Taking the bitters with the sweet…

By Hoke Harden

America is right in the middle of a cocktail revolution these days, and all spirits categories are benefiting as a result. This isn’t simply a coastal thing or a big city phenomenon either:   it’s everywhere. The cocktail is back in vogue again.

Cordials…whiskey….gin…vodka…rum…tequila…brandy: they are all getting more attention from consumers in one of the best trial formats possible, the bar or lounge 
near you.

Bartenders — or as some now call themselves, mixologists — are constantly looking for new and daring creative concoctions to tempt their clients. The fever pitch for creativity in spirits is stronger than it has been since the great golden years of cocktailing.

But there’s another key ingredient in the cocktail revolution, a necessary addition that can make all the difference in

how a particular drink tastes, a crucial component that adds depth and complexity and definition to the drink.

Ask any bartender what that is and he or she will instantly respond:  bitters.

That simple response covers a lot of ground though, as “bitters” can mean any number of things. Bitters can, however, be reduced to two general categories.

Bitters: Not For Singular Consumption

Most commercial bitters are produced specifically for adding a few drops into a drink for flavoring, in much the same way that vanilla extract is used for cooking. They originally began as medicinal concoctions, or as condensed flavoring ingredients, and were not intended for consuming separately; generally, a dash or two of bitters will suffice. You wouldn’t want to drink several ounces of these, and pouring them on the rocks alone would not be very tasty.

That’s a meaningful distinction too.  Not for singular consumption” puts these bitters in a separate category, and in most places under a different rule, since they are not considered alcohol beverages and thus allowed in grocery stores and specialty shops. Usually, these bitters can be found in the spice aisle, along with such basic ingredients as the aforementioned vanilla extract (which also contains a significant amount of alcohol base, by the way). And of course any good package store should have bitters on hand as well, since they are so commonly used for mixed  drinks.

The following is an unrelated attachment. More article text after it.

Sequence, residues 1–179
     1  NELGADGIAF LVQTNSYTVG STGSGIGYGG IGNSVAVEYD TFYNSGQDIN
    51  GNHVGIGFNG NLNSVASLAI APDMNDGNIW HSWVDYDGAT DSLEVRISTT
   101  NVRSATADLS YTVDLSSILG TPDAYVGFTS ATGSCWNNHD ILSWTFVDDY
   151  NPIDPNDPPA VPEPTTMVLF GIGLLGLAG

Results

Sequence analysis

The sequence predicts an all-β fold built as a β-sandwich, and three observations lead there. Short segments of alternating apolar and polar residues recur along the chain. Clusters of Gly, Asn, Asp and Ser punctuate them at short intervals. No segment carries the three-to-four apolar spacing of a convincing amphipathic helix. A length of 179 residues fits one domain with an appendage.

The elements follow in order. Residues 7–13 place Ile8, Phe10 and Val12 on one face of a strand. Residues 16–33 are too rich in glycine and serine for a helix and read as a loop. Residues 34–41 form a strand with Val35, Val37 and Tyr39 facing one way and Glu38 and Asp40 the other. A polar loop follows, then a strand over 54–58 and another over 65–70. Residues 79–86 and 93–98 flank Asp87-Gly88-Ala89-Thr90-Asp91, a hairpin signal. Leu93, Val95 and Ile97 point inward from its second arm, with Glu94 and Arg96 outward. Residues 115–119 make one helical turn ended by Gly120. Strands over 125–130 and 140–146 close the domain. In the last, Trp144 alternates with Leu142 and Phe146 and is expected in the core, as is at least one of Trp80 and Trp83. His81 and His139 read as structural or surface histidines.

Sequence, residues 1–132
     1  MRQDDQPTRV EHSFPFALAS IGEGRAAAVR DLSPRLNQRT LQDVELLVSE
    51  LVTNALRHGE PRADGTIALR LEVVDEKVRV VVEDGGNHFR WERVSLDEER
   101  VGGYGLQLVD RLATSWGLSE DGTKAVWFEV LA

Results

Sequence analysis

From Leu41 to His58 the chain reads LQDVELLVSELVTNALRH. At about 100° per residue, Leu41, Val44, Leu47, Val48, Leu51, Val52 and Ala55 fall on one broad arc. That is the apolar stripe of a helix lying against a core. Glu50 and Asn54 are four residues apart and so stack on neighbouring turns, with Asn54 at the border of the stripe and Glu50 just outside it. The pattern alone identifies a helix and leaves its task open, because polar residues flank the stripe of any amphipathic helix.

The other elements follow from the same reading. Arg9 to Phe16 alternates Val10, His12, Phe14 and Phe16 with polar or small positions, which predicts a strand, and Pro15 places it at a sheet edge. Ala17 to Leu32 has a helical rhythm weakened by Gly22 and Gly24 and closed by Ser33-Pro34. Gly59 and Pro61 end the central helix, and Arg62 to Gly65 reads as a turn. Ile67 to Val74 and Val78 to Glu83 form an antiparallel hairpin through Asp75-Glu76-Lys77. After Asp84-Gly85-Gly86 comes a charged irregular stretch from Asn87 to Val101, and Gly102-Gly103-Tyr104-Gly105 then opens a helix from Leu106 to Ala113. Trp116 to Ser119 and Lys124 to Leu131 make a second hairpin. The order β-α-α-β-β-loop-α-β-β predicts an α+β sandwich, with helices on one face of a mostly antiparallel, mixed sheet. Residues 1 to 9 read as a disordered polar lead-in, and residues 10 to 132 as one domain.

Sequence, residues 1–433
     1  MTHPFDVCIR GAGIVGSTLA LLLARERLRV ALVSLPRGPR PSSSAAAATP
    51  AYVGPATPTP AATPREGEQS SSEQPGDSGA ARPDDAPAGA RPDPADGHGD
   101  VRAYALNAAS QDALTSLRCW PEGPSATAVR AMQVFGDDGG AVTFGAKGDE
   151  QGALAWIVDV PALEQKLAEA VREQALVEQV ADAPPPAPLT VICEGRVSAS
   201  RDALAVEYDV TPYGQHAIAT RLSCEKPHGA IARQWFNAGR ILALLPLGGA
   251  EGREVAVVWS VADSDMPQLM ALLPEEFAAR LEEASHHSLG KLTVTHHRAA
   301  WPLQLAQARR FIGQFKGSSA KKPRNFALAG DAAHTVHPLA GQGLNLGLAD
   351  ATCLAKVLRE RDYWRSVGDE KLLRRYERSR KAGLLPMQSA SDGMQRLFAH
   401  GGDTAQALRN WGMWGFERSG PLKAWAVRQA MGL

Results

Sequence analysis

There are some old standards in this category, well known and almost universally available, and considered mandatory in a professional or home bar.

Angostura Bitters
The undisputed ‘grandfather’ of all bitters, Angostura was formulated in South America, with production since moved to Trinidad, and remains the world leading bitters brand today.  The proprietary formula of botanicals remains a closely guarded secret, known only to a few at any given time.
Angostura is so popular, and so necessary in the current cocktail scene, that a recent shortage of product (because of a lack of bottles) created massive hoarding from fear of running out of such a key cocktail ingredient. One of the key elements in a Manhattan-style cocktail is bitters and, unless it is specified, that bitters will more than likely be Angostura. Angostura also offers their version of Orange Bitters.

Peychaud’s Bitters
Created in New Orleans by the apothecary and cocktailier, Antoine Amédée Peychaud, a Creole from Haiti, to use in the new drink he created, The Sazerac, Peychaud’s Bitters accompanies Angostura Bitters as standard bar ingredients. Peychaud’s Bitters, with the primary component of bitter gentian, is a trifle lighter, sweeter and more floral than Angostura.
Peychaud’s Bitters were acquired and are now made by the Buffalo Trace Distillery in Frankfort, Kentucky.

Fee Brothers Bitters
The now multigenerational Fee family concern, begun by some entrepreneurial saloon keepers in upstate New York who saw the benefit of supplying other barkeeps with their necessary bitters, offers retail and internet sales of an impressive range of bitters, from the standard to the exotic. They include Old Fashioned Bitters, Lemon, Orange, Cherry, Mint, Grapefruit, Peach, Rhubarb, and Whiskey Barrel Aged. They are de rigeur on the bar scene today, both for their quality and their variety of styles.

Regan’s Orange Bitters #6
Gary and Mardee Regan, husband and wife, had established themselves as eminent writers and critics in the alcohol beverage business when they became so miffed at the absence of good quality orange bitters…they decided to just make their own. The sixth recipe proved to be the charm. Now Regan’s Orange Bitters have become a standard, and remain a byword for quality.